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Course, academic year 2018/2019
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Advanced mathematical logic - NAIL111
Title in English: Pokročilá matematická logika
Guaranteed by: Department of Theoretical Computer Science and Mathematical Logic (32-KTIML)
Faculty: Faculty of Mathematics and Physics
Actual: from 2018 to 2018
Semester: summer
E-Credits: 3
Hours per week, examination: summer s.:2/0 Ex [hours/week]
Capacity: unlimited
Min. number of students: unlimited
State of the course: taught
Language: Czech
Teaching methods: full-time
Guarantor: doc. RNDr. Josef Mlček, CSc.
Annotation -
Last update: T_KTI (12.04.2016)
Mathematical logic formulates and develops the concept of deduction, truth and an algorithmic solvability. It delivers a concept of axiomatic theories and their corresponding semantic realizations called models and allows to analyze such theories with regard to consistency, completeness, decidability, descriptive complexity, to the character of axioms etc. Moreover, it provides methods for construction of models and solves the problems of axiomatisability of classes of models. It includes beside classical two-valued logic also multi-valued, higher-order, modal, temporal and others.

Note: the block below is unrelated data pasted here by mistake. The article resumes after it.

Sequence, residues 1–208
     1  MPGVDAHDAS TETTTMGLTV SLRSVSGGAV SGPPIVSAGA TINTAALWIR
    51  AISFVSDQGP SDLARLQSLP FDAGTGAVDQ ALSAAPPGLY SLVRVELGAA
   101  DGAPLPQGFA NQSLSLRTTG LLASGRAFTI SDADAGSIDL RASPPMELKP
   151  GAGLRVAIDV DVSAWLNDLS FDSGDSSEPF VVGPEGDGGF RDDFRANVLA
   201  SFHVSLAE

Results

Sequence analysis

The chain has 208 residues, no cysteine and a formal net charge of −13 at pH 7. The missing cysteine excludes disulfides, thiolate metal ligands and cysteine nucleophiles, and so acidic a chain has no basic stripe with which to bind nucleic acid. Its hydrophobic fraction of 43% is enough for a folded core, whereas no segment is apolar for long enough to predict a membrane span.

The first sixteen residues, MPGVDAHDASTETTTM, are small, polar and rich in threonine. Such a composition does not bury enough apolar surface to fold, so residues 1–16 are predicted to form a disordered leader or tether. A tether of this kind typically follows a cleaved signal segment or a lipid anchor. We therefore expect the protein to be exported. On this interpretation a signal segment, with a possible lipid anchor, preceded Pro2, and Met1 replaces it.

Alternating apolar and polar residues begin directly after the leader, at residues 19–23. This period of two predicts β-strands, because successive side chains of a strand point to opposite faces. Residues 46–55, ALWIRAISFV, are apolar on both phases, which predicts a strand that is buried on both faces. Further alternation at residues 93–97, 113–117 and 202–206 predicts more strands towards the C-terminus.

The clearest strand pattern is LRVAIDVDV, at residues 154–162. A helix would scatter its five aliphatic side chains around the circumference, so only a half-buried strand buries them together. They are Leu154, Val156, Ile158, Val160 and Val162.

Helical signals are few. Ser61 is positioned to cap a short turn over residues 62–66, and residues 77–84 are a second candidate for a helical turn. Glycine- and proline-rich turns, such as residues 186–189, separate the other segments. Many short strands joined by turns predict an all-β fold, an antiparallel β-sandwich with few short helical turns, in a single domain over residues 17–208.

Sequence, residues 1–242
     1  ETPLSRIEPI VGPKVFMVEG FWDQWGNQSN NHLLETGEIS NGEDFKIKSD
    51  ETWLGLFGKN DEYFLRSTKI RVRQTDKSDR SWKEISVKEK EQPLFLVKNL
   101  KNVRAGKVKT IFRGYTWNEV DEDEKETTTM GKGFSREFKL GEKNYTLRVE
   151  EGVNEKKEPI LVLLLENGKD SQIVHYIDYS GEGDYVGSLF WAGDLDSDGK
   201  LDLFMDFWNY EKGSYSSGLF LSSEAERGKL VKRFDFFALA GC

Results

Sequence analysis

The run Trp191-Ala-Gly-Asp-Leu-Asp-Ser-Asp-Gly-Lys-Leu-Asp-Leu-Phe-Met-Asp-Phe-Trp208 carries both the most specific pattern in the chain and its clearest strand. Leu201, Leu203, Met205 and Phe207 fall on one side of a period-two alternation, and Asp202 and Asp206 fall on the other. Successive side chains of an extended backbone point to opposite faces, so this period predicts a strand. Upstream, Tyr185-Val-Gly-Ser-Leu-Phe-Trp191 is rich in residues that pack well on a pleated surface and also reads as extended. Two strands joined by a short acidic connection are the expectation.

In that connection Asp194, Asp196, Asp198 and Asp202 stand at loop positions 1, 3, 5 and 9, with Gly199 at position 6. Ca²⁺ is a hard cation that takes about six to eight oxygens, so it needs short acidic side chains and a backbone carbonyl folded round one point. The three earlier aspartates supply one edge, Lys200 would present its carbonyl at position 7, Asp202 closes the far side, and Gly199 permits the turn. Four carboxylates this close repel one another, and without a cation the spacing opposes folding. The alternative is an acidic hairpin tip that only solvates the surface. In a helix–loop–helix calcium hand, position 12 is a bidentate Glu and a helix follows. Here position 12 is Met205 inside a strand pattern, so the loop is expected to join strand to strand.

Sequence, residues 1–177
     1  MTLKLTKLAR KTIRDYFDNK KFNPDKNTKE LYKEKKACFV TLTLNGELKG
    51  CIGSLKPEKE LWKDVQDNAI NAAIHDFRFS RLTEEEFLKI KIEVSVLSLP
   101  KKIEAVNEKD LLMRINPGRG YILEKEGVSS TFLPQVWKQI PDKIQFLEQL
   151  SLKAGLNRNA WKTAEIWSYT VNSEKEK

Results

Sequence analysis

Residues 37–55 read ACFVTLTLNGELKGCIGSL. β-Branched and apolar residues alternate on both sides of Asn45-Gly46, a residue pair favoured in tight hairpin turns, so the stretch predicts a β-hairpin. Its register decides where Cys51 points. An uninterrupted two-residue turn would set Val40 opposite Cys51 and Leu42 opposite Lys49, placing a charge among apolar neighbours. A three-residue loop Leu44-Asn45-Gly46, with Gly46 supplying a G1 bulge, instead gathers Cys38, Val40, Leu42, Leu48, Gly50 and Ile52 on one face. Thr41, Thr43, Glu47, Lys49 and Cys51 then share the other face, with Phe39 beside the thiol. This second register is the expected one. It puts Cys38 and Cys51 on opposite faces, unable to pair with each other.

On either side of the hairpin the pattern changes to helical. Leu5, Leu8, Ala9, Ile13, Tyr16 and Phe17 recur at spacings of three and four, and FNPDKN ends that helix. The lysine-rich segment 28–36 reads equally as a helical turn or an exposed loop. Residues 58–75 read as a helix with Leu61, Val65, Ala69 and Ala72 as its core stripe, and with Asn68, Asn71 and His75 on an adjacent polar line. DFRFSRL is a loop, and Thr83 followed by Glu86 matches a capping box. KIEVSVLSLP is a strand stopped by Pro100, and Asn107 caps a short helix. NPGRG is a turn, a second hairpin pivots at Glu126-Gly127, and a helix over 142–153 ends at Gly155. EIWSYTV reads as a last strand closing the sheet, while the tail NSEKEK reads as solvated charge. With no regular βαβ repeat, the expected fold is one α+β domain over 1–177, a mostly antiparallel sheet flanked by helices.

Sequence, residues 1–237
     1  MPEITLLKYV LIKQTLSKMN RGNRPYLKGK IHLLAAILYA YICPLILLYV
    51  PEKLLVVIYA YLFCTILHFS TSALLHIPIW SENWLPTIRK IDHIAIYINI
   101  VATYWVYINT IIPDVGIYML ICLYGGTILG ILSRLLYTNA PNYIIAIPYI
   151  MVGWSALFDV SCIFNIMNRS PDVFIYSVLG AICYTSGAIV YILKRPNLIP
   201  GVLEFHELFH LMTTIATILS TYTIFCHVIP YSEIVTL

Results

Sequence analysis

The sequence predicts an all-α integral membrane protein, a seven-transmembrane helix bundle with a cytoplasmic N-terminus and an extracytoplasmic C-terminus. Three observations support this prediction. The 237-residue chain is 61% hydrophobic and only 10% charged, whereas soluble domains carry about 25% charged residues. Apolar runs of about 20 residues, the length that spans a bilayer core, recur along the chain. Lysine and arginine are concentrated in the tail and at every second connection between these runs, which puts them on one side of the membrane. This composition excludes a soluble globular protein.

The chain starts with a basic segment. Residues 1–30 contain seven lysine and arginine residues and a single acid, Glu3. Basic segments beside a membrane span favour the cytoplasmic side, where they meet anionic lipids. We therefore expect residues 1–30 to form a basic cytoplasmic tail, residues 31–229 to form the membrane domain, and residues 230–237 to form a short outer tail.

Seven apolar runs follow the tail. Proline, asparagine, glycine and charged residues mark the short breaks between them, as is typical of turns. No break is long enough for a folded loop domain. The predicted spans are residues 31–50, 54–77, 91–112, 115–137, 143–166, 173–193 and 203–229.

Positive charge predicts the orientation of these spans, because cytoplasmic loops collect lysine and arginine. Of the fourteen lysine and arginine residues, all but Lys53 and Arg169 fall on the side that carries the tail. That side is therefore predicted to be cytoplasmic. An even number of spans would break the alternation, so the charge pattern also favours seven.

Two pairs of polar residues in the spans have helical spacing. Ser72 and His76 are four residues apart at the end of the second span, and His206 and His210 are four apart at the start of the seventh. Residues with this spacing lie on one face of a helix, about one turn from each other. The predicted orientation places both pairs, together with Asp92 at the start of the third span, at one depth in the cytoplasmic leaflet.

Aim of the course -
Last update: T_KTI (12.04.2016)

The aim is to provide deeper and more comprehensive knowledge of mathematical logic and acquire them through important and numerous examples.

Literature -
Last update: T_KTI (12.04.2016)

W. Hodges, Model theory, Cambridge University Press, 1993

F. Kröger, S. Merz, Temporal logic and state systems, Springer, 2008

W. Rautenberg, A concise introduction to mathematical logic, Springer, 2009

Syllabus -
Last update: RNDr. Jan Hric (27.04.2018)
  • Deeper properties of classical first-order logic: arithmetization, diagonalization, formalization of proovability, strong, essential and hereditary unsolvability. Application (in set theory, arithmetics and another theories).
  • Abstract logic systems. Characterizations o classical logic - Lindström theorem.
  • Non-classical logic systems: second-order logic, infinitary logic (with examples), temporal logic.

A knowledge of basics of classical first-order logic is assumed.

 
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